AUSTIN (AP) – Texas lawmakers adopted a state budget Saturday night that cuts billions from public schools, state universities and health care for the elderly, sending the measure to Gov. Rick Perry for final consideration.
Facing a massive revenue shortfall, lawmakers crafted the $172 billion budget by making cuts and using deferrals rather than raising taxes or dipping into the $10 billion reserve fund.
The budget loomed over a session that Sen. Steve Ogden, chair of the Senate Finance Committee, called the most “challenging session that has faced our Legislature in the last 20 years.”
Both the House and Senate took up the budget late Saturday night, almost simultaneously. The votes were largely along party lines.
In all funds, the plan for 2012-2013 is $15 billion less than the current budget, but that doesn’t account for the costs of providing services to new population.
For public schools, the budget is at least $4 billion short of what districts would be owed for basic operations under current funding formulas. To accommodate the lower spending, the Legislature also is working on a companion measure that would change the formulas so the reduced funding levels are legal. That debate comes Sunday, the day before the Legislature adjourns.
The fight over school money prompted a futile outcry from teachers and parents, who rallied at the Capitol several times since the session started in January.
The budget also cuts money for full-day pre-kindergarten, teacher incentive grants, arts education and financial aid to college students.
“This budget betrays the people of the state of Texas,” said Rep. Garnet Coleman, a Houston Democrat. “They failed in solving the problem and next session will be an even bigger problem.”
The shortfall was a result of a business tax that has consistently failed to generate forecasted funds and a slump in sales tax receipts.
Some lawmakers, including Ogden, started the session with hopes that the business tax could be overhauled, so the shortfall wouldn’t be continued in future years. But Perry and Republican leaders made it clear that any new tax bills would be unacceptable.
So they cut.
Over objections from Democrats, who wanted to use more money from the Rainy Day Fund, Republican leaders cut funding to colleges, nursing homes, highway maintenance, state parks and dozens of other state operations.
Medicaid reimbursements were underfunded by $4.8 billion, an expense Rep. Sylvester Turner, D-Houston, said was charged to a “Medicaid Mastercard.” He and other Democrats compared the move to deficit spending in Washington D.C. that Republicans often complain about.
“This budget is shaky at best,” Turner said.
For nursing homes that rely on Medicaid for most of their business, state and federal aid would be cut 37 percent compared to funding levels in the 2010-2011 budget, according to an analysis prepared by the Legislative Study Group and the Center for Public Policy Priorities.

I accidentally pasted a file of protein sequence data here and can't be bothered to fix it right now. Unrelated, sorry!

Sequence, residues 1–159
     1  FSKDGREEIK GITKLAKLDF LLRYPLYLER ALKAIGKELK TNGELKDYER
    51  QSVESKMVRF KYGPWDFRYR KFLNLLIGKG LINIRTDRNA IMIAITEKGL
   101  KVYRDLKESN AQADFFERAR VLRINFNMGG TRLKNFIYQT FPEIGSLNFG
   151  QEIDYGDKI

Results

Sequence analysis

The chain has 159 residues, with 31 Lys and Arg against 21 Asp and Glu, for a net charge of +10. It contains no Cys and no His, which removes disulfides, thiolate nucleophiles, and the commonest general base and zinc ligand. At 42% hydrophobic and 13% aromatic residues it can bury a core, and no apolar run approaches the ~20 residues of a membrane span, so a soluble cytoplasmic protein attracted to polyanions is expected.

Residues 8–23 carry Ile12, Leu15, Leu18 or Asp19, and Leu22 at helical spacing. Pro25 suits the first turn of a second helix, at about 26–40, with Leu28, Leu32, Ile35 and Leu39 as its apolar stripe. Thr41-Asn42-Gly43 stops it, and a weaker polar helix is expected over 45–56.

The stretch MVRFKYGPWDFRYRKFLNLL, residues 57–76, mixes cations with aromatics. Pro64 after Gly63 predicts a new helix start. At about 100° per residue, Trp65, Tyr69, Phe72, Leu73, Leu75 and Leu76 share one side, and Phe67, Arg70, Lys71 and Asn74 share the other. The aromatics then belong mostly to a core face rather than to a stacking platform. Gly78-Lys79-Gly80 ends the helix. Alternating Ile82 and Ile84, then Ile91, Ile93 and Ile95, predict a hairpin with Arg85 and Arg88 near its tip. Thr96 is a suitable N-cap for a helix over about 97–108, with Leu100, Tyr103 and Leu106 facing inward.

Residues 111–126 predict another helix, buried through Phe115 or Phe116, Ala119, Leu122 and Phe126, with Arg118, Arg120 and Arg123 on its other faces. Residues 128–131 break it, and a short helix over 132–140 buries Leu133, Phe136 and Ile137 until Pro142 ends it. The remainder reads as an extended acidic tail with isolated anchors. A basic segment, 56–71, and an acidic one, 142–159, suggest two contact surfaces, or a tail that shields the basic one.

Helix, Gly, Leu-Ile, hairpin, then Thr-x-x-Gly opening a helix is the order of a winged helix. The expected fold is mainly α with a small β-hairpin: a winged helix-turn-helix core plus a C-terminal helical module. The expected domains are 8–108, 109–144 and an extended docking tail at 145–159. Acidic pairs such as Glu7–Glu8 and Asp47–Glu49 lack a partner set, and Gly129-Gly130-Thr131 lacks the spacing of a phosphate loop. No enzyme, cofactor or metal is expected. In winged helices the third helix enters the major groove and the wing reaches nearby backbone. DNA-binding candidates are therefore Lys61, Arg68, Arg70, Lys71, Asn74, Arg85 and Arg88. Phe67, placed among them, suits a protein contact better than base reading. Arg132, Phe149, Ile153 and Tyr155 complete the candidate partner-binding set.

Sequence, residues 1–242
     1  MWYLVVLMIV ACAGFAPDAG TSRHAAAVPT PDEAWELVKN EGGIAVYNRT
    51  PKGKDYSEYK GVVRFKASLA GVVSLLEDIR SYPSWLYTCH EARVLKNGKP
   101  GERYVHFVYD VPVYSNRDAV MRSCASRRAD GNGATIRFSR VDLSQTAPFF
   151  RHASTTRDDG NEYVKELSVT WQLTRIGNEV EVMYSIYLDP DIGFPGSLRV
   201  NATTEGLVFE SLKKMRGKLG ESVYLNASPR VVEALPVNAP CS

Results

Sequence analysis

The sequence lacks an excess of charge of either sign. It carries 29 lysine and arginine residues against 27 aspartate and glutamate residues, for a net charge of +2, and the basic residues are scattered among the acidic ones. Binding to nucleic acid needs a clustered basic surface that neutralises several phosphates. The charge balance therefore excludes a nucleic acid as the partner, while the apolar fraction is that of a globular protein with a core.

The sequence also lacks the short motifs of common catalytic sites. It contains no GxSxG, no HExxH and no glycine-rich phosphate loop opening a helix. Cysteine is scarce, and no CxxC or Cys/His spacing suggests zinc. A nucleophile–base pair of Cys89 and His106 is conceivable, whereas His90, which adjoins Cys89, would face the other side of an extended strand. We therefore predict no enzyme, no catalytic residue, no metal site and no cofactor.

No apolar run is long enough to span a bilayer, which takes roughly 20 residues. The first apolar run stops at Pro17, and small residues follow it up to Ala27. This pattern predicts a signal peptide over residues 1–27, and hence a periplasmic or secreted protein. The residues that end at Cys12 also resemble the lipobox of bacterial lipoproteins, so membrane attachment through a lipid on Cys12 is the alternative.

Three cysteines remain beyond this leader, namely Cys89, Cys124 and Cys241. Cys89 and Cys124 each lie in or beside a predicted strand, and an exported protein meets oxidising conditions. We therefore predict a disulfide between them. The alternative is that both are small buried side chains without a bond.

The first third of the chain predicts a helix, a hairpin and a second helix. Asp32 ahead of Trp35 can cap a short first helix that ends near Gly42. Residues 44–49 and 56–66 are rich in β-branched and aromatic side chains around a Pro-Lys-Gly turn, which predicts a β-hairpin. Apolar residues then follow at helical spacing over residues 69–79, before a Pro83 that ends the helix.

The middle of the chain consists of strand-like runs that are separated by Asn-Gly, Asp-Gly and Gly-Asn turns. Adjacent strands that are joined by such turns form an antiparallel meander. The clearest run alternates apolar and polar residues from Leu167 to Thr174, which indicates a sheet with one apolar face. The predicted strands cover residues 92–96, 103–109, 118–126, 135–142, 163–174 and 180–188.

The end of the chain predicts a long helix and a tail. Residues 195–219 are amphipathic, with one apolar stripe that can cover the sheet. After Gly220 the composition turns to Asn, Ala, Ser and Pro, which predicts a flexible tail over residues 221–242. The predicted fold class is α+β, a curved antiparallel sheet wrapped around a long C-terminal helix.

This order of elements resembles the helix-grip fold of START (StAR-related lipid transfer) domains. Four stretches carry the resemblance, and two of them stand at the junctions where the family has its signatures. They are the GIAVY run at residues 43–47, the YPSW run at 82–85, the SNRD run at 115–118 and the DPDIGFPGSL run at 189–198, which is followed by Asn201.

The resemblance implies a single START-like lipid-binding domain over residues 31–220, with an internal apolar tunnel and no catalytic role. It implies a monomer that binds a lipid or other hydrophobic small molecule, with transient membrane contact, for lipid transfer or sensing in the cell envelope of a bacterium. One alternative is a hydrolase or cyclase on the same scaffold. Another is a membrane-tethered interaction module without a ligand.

The analysis said the reduced Medicaid funding levels will “result in fewer workers at nursing homes and state facility centers, which will result in seniors developing more bed sores, struggling more to go to the bathroom, and generally living a life of much less dignity.”
Lawmakers also agreed to cut family planning services by more than $73 million. The analysis said that cut means about 200,000 women won’t receive services such as breast and cervical cancer screening, contraception or postpartum evaluations.
Democrats warned the cuts will result in tens of thousands of public school workers losing their jobs and prevent nearly 43,000 fewer poor students receiving financial aid for college.
“We have not asked business to tighten their belt,” said Sen. Leticia Van de Putte, of San Antonio, leader of the Senate Democrats. “This budget is a sad example of politics overtaking common sense.”
Sen. Dan Patrick, R-Houston, who is considering a run for a U.S. Senate seat next year, was the only Republican to join Ogden in defending the budget during the debate, praising it as a plan that “lives within our means and does not raise taxes.”
Prevention programs for sexually transmitted diseases, including HIV, also were cut as was funding to help children under three with developmental disabilities.
Rep. Jim Pitts, the Waxahachie Republican who led the House budget writing, said the budget funds critical needs while not going above the state’s means.
“When we pass this budget, it will be the second session in a row we have cut state spending by more than a billion dollars,” Pitts said. “That has never happened in this state’s history.”
Rep. Yvonne Davis, a Democrat from Dallas called the budget a “fiscal fiasco.”
“Texas and Texans deserve better,” she said. The budget “provides nothing but pain and we ought to be ashamed that we couldn’t find better ways to get there.”
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